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. 2014 Sep;4(9):998-1013.
doi: 10.1158/2159-8290.CD-14-0001. Epub 2014 Jul 15.

Patient-derived Xenograft Models: An Emerging Platform for Translational Cancer Research

Free PMC article

Patient-derived Xenograft Models: An Emerging Platform for Translational Cancer Research

Manuel Hidalgo et al. Cancer Discov. .
Free PMC article


Recently, there has been an increasing interest in the development and characterization of patient-derived tumor xenograft (PDX) models for cancer research. PDX models mostly retain the principal histologic and genetic characteristics of their donor tumor and remain stable across passages. These models have been shown to be predictive of clinical outcomes and are being used for preclinical drug evaluation, biomarker identification, biologic studies, and personalized medicine strategies. This article summarizes the current state of the art in this field, including methodologic issues, available collections, practical applications, challenges and shortcomings, and future directions, and introduces a European consortium of PDX models.

Significance: PDX models are increasingly used in translational cancer research. These models are useful for drug screening, biomarker development, and the preclinical evaluation of personalized medicine strategies. This review provides a timely overview of the key characteristics of PDX models and a detailed discussion of future directions in the field.


Figure 1
Figure 1. Proposed Preclinical Screening and Biomarker Study in PDX models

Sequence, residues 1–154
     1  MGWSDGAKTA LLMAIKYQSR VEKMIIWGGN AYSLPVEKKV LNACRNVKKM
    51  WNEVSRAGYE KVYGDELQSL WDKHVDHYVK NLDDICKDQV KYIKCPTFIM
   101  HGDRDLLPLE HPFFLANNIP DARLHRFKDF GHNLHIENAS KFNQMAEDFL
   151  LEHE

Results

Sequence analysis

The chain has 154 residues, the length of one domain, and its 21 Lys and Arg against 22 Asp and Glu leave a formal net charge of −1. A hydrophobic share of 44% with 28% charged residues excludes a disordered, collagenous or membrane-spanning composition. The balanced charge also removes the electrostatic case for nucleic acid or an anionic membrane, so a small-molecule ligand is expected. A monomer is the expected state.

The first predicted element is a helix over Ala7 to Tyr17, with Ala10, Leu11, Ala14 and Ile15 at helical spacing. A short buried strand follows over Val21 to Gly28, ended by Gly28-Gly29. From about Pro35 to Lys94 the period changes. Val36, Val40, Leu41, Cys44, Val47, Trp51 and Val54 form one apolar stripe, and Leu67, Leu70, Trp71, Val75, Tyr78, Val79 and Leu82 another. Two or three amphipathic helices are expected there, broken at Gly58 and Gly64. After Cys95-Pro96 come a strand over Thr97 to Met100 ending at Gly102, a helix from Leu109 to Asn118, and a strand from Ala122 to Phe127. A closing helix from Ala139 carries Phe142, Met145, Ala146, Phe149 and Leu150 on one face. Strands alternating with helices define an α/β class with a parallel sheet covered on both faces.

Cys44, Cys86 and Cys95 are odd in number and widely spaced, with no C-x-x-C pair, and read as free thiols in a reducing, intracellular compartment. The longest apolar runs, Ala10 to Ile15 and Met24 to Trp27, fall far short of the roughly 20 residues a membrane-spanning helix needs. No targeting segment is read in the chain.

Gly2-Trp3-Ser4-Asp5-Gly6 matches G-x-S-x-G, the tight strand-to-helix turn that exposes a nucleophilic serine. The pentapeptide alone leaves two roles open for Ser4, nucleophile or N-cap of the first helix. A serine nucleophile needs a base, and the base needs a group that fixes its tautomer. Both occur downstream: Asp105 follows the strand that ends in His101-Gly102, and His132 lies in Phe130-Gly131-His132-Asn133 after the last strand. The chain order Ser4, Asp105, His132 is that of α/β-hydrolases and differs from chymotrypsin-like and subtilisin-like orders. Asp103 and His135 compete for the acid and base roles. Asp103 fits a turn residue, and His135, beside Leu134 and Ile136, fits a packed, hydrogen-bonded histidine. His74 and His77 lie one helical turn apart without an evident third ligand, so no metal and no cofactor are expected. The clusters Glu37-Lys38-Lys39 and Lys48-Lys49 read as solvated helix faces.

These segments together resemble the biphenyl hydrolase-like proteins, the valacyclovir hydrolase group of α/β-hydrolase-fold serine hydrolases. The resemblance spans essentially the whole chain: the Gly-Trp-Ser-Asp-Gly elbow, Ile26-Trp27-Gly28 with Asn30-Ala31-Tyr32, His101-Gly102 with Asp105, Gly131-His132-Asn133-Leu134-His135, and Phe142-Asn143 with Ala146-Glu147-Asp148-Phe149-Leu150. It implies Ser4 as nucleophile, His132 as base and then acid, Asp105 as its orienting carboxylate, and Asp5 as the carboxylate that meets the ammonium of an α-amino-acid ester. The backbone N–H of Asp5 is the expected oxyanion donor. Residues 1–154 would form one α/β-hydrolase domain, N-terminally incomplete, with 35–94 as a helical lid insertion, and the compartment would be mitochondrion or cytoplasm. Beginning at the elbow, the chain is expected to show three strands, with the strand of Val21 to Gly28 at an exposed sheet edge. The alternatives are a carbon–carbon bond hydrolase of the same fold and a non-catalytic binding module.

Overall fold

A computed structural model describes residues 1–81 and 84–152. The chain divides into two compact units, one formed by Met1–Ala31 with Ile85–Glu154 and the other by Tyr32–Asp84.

This figure graphically illustrates some of the key elements of a preclinical study in PDX models. These studies are likely to be more informative late in preclinical development or in parallel to phase I safety and pharmacology testing. Models can be selected based on tumor types or on predefined molecular subtypes if that information is known and of interest, or both. We propose a two-step approach. In Step 1, a limited number of models can be tested with the agent at doses and schedules known to be effective and pharmacologically active in earlier preclinical studies. Study endpoints need to be carefully selected based on the agent’s mechanism of action. Data from Step 1 can be used to proceed to Step 2 and to redefine model selection based on molecular understanding of responsive models. In Step 2, a larger repertoire of models can be treated. At the conclusion of the study a decision needs to be made to proceed to clinical development and prioritize biomarkers to be explored in the clinical phase.
Figure 2
Figure 2. Co-clinical trial approach with PDX models
A new version of the co-clinical trial concept is presented in which a PDX model is developed from a patient enrolled and treated in a clinical trial with a novel agent. This approach permits to have models with validated clinical outcome data that can be used to interrogate mechanisms of response and resistance as well as strategies to increase response and overcome resistance, for example, combination strategies.
Figure 3
Figure 3. Personalized medicine strategy
Depicted in this figure is a strategy for individualizing medicine that integrates genomic analysis of a patient tumor with testing in Avatar mouse models. The genomic analysis of a patient tumor is likely to show tens of potential therapeutically targetable mutations. Mining of genomic-drug response databases such as the CCLE or the NCI60 as well as knowledge of these mutations is likely to result in several potential therapeutic regimens for a given patient. The Avatar model can be used to test and rank these potential treatments to be administered to the patient. A post hoc analysis of this information can be added to existing data to further feed into the existing databases.

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